Trouser Press’ entire ’70s/’80s magazine run now available online for free
Named after a Bonzo Dog Doo-Dah Band song, The Trouser Press was a fanzine created by Ira Robbins, Dave Schulps and Karen Rose in 1974. It began its life as a "sort of British rock collectors magazine," and as the decade progressed, became one of the best American sources for punk, power pop, and new wave. The magazine stopped publication in 1984, but it spawned the very influential Trouser Press Record Guide that was considered by many (this writer included) to be the indie/alt bible of the pre-internet era.
The Trouser Press Record Guide has been online for over 20 years but they just redid the website, which now is publishing new articles. They've also digitized all of the old issues of the magazine for the first time. The whole thing is free to read and is a real treasure trove of interviews, criticism and generally great music writing. There's also pithy new commentary from the editors like this for the January '79 issue that featured Devo on the cover with the headline "Future of Rock or Total Crock?"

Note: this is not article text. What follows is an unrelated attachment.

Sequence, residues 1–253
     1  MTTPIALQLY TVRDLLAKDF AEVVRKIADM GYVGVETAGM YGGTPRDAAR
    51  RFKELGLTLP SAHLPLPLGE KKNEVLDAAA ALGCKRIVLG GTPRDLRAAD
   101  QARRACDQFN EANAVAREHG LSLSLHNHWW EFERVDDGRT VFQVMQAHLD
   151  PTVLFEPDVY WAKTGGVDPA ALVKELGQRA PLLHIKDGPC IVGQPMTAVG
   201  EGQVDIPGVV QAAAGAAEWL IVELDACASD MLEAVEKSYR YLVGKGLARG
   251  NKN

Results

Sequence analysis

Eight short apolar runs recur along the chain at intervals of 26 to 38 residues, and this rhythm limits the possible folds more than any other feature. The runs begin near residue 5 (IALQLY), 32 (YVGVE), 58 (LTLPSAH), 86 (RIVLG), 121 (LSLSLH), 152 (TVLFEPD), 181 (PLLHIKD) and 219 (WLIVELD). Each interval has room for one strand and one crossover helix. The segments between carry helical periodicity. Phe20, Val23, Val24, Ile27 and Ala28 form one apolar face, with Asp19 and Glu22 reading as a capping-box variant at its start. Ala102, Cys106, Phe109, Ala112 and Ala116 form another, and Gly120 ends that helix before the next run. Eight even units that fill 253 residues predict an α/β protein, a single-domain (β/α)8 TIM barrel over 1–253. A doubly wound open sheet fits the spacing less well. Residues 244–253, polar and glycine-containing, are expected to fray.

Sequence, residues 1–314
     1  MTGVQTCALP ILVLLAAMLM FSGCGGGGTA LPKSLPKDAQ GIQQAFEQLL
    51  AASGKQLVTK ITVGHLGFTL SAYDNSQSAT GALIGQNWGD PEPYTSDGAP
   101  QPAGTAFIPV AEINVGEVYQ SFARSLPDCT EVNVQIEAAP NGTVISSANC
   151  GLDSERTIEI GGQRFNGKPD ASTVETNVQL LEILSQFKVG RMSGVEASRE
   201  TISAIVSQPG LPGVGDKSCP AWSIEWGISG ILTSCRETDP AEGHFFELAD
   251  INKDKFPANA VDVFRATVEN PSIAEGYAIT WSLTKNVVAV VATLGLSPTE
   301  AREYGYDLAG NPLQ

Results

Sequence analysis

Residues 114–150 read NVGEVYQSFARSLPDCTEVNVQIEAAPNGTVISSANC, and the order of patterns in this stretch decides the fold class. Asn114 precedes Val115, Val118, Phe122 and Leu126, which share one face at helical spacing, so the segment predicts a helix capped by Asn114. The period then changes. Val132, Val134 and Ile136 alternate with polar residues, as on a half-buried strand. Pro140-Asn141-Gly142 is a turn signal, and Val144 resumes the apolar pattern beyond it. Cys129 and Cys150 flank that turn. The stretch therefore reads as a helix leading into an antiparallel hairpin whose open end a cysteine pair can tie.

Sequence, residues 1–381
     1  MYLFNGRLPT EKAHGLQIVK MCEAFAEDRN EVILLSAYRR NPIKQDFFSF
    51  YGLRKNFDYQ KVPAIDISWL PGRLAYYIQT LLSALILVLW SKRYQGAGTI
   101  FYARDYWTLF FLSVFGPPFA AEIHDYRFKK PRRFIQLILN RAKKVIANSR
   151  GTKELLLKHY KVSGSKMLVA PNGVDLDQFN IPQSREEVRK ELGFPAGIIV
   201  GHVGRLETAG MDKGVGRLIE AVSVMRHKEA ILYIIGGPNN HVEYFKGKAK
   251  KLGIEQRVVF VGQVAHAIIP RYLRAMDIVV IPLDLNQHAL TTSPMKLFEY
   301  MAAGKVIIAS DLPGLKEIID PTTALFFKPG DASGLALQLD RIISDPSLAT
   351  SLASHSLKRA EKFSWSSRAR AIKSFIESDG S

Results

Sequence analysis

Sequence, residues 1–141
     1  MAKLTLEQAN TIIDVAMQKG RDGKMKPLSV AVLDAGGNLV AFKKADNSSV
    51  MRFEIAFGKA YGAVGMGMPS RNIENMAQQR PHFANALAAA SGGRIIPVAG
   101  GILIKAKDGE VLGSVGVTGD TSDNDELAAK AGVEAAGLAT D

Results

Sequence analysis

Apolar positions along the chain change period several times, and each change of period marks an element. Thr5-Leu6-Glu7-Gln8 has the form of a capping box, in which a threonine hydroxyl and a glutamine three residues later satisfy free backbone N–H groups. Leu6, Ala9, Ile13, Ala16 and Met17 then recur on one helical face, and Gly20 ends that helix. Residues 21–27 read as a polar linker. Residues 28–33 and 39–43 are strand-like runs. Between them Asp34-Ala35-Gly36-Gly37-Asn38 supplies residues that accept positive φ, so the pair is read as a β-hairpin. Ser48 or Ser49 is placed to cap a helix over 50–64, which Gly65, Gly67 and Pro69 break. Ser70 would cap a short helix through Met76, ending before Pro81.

Great rhyming headline, hunh? Jerry Casale looks suitably impressed in this Ebet Roberts photo. Inside, we had three separate articles on the spudboys from Akron: YES! by Cole Springer, NO! by Steven Grant and MAYBE! by Ira Robbins. Nobody could accuse us of taking sides on this pressing issue as we neared the dawn of a new decade.